In addition to encrypting data at rest, agencies must also encrypt data in transit. AWS provides a variety of solutions to help agencies encrypt data in transit and enforce this requirement.
First, all network traffic between AWS data centers is transparently encrypted at the physical layer. This data-link layer encryption includes traffic within an AWS Region as well as between Regions. Additionally, all traffic within a virtual private cloud (VPC) and between peered VPCs is transparently encrypted at the network layer when you are using supported Amazon EC2 instance types. Customers can choose to enable Transport Layer Security (TLS) for the applications they build on AWS using a variety of services. All AWS service endpoints support TLS to create a secure HTTPS connection to make API requests.
AWS offers several options for agency-managed infrastructure within the AWS Cloud that needs to terminate TLS. These options include load balancing services (for example, Elastic Load Balancing, Network Load Balancer, and Application Load Balancer), Amazon CloudFront (a content delivery network), and Amazon API Gateway. Each of these endpoint services enable customers to upload their digital certificates for the TLS connection. Digital certificates then need to be managed appropriately to account for expiration and rotation requirements. AWS Certificate Manager (ACM) simplifies generating, distributing, and rotating digital certificates. ACM offers publicly trusted certificates that can be used in AWS services that require certificates to terminate TLS connections to the internet. ACM also provides the ability to create a private certificate authority (CA) hierarchy that can integrate with existing on-premises CAs to automatically generate, distribute, and rotate certificates to secure internal communication among customer-managed infrastructure.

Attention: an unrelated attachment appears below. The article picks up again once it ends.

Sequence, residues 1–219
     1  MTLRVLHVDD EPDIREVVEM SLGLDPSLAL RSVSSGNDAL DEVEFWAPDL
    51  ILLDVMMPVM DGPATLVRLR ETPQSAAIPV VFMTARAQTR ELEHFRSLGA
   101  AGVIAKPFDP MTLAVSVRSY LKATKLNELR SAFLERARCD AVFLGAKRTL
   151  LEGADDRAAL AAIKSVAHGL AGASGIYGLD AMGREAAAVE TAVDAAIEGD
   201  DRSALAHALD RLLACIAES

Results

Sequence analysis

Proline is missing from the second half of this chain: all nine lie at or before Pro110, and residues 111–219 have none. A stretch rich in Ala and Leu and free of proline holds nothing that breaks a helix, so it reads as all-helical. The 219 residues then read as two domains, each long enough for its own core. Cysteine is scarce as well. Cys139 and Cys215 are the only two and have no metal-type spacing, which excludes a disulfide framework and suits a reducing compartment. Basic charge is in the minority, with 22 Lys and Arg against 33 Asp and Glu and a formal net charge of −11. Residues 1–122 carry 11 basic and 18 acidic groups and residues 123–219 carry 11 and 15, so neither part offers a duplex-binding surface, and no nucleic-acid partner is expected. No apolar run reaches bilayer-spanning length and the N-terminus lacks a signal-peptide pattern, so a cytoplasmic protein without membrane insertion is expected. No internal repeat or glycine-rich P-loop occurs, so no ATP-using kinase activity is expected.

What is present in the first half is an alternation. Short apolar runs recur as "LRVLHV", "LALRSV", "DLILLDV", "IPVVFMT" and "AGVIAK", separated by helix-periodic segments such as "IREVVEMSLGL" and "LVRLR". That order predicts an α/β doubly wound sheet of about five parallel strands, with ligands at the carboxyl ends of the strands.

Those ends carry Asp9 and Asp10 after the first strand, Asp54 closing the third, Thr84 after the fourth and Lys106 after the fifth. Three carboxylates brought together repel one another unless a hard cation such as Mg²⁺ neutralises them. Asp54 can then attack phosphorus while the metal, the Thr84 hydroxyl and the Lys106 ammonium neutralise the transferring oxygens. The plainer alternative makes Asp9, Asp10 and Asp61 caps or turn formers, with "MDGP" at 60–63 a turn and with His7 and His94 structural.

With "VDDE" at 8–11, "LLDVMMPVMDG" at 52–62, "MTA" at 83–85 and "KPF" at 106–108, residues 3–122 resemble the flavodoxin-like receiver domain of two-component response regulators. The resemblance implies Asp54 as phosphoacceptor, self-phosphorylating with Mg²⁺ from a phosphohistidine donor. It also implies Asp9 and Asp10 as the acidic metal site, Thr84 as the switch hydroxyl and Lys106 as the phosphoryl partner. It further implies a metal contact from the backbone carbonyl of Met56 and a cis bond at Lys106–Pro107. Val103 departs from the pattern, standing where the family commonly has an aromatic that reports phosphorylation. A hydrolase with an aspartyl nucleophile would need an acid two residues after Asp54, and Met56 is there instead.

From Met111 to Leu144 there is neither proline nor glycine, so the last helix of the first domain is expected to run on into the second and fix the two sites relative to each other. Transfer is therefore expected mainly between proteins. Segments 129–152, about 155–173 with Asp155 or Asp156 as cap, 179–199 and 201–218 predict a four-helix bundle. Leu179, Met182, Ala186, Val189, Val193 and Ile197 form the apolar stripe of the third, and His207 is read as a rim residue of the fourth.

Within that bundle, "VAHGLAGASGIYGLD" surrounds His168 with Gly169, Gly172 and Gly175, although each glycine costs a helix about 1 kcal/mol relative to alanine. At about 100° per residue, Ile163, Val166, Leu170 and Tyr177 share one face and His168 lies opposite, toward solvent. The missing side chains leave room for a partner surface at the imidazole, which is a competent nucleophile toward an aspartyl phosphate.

Finally, you can encrypt communications between your EC2 instances and other AWS resources that are connected to your VPC, such as Amazon Relational Database Service (Amazon RDS) databases, Amazon Elastic File System (Amazon EFS) file systems, Amazon S3, Amazon DynamoDB, Amazon Redshift, Amazon EMR, Amazon OpenSearch Service, Amazon ElasticCache for Redis, Amazon FSx Windows File Server, AWS Direct Connect (DX) MACsec, and more.
This post has reviewed services that are used to encrypt data at rest and in transit, following the Executive Order on Improving the Nation’s Cybersecurity. I discussed the use of AWS KMS to manage encryption keys that handle the management of keys for at-rest encryption, as well as the use of ACM to manage certificates that protect data in transit.
To learn more about how AWS can help you meet the requirements of the executive order, see the other posts in this series:
- How AWS can help your US federal agency meet the executive order on improving the nation’s cybersecurity
- How US federal agencies can authenticate to AWS with multi-factor authentication
- How US federal agencies can use AWS to improve logging and log retention
Subscribe to the AWS Public Sector Blog newsletter to get the latest in AWS tools, solutions, and innovations from the public sector delivered to your inbox, or contact us.
If you have feedback about this post, submit comments in the Comments section below.
Want more AWS Security how-to content, news, and feature announcements? Follow us on Twitter.